New Short Story - First Page
First Note: You can follow along with the creation of this short story by following the “Short Story 1” tag.
I was once again finishing a bottle of cab merlot blend while my parents seemed concerned about my mental health. The subscription wine in my glass didn’t smell like anything, even after reading the tasting notes from the brochure. I’m cold. I should have put some slippers on before the call, and now we were half an hour into a story they’d told before. I excused myself for a second to find them. They were by the couch in the living room, where I’d left them last night. There, I told them. I’m definitely fine. I’m wearing slippers. That was not what they meant.
My computer is distracting. I can keep my parents in a window and have six other windows open, vying for my attention. At some point during the call, I opened my articles list and began reading this photography blog. I skimmed the words while keeping up my end of the conversation. It’s easy. It’s just a matter of practice. You can absolutely do two things at once. After a few moments though, I could feel the energy in their words dissipate. It’s inevitable with video calls. If you don’t volley back just as hard, it feels like there’s nobody there at all.
So I shifted my attention back to my parents, giving them as much as I could for updates. No, I wasn’t seeing anyone yet. No, I wasn’t looking, not really. Was I on the dating sites, as they called them? Only a little. I didn’t like them. Did anyone like them, I asked? Is anyone happy with this? Is it harder for people like you, my mother asked. At first, I didn’t know what she meant. I’d forgot. Why would it be harder? She didn’t want to say it. She dragged out a “you know…” for a while. I did clue in. Oh. Right. I told her “I guess?” It wasn’t something I thought about much anymore.
Being nonbinary just isn’t that interesting. I’m just not that into myself. I’d much rather hear stories about other people. I read a lot. I like to listen. Maybe I got that from my parents, whose phone calls sometimes sound like job interviews. How do you talk to someone without barraging them with questions? I just wanted to know more.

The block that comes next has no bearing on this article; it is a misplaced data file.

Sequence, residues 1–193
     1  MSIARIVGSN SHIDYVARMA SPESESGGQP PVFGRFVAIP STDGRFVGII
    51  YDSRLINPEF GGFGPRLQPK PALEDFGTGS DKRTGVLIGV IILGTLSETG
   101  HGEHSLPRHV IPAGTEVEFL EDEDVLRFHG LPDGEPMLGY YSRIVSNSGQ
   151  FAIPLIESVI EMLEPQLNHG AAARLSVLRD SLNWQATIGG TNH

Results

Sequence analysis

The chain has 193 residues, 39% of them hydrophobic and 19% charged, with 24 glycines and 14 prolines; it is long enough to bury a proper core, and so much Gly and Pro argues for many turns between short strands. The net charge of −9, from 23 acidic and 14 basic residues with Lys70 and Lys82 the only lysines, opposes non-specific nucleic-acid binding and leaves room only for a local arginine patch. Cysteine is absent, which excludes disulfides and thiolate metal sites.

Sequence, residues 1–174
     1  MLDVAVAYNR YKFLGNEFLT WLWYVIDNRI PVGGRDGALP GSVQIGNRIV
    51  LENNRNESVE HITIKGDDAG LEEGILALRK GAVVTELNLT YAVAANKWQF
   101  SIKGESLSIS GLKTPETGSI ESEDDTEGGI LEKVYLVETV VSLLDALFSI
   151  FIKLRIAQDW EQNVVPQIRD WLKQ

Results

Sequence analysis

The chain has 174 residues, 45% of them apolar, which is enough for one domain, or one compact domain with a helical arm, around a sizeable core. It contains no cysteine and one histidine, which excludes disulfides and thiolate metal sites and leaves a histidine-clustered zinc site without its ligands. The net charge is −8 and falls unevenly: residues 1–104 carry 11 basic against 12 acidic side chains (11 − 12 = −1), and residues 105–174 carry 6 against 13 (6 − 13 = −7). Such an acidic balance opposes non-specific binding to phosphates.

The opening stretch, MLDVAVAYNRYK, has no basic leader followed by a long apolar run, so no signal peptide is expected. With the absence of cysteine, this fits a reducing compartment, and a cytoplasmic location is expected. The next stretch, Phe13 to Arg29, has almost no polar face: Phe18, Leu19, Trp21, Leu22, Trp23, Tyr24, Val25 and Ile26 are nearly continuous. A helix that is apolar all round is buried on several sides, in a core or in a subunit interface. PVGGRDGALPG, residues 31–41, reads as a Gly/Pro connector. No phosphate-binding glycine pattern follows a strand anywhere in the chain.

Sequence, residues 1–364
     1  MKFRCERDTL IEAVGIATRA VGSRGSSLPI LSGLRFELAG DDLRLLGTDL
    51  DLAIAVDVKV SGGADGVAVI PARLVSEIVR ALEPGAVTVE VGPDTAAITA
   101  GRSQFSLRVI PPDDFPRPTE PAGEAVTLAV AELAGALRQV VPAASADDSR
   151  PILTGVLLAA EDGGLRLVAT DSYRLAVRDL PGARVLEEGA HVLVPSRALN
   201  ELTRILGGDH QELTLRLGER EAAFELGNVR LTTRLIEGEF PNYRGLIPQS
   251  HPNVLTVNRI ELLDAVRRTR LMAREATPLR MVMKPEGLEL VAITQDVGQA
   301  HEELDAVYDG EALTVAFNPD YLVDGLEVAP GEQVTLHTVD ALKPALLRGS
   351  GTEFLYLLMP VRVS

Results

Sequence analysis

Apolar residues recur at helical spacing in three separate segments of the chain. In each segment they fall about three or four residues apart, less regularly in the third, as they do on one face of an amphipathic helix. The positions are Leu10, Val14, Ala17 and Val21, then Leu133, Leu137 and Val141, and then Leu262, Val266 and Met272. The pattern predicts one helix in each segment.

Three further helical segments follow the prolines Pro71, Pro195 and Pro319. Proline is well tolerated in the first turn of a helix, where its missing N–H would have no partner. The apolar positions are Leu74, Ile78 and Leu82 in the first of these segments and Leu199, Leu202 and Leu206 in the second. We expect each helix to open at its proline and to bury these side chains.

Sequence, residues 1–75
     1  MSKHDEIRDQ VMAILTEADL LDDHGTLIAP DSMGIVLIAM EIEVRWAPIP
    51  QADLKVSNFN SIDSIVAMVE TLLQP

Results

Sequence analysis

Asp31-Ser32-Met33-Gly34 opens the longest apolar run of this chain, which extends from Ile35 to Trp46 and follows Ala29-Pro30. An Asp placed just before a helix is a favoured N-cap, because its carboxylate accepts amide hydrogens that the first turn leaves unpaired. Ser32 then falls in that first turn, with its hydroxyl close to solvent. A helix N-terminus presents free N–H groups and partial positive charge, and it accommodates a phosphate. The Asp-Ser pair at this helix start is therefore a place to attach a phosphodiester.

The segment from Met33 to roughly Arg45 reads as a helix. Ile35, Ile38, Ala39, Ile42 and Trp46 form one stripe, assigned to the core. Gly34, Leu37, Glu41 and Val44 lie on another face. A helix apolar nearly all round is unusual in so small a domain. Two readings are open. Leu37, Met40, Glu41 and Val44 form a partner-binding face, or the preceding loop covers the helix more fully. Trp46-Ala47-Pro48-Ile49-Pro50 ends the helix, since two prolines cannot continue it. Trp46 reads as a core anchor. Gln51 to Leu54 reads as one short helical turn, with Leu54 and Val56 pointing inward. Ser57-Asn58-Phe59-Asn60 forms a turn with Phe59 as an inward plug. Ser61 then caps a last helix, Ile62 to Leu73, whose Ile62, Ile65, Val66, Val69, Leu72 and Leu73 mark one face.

I was warm. The wine was emptier. I was lonely. Thanks mom and dad.
The call ended the same way it always does. They don’t ever actually want to get off the video, so I have to wait until the conversation dies off and they feel they have to leave. My dad made some excuse about having to make dinner, as if they weren’t going to order from the same Italian place down the road from their house. “Well, we don’t want to keep you,” my mom says after 45 minutes. But, they weren’t keeping me from anything. I wouldn’t even change chairs, just tabs. After getting off the call, I did some shopping, some reading. I checked the shipping number for my next wine box. I didn’t send messages to any of my friends.
I’m not sure what happened, but things faded. Maybe I wasn’t interesting enough for people to keep up with. Maybe we didn’t actually have enough in common, and when you took entropy and proximity out of it, it didn’t make sense to keep it up. It’s not my fault. It’s not their fault. I know I could change it with the smallest bit of effort.
My apartment was quiet. I didn’t own any pets. I did own a white noise machine. In the middle of the night, I woke up every night at three am for six weeks before I figured out it was a garbage truck making its rounds, so now there’s a white noise machine on my nightstand. I would forget to turn it on before bed, so I bought a little plug that connected to the internet so I could put it on a timer. If you have a problem, you can sometimes solve that problem with money and plastic. Sometimes, I’m still in my living room at eleven, and I’ll begin to hear this whir from the bedroom. It’s the sound of duct tape covering a leak.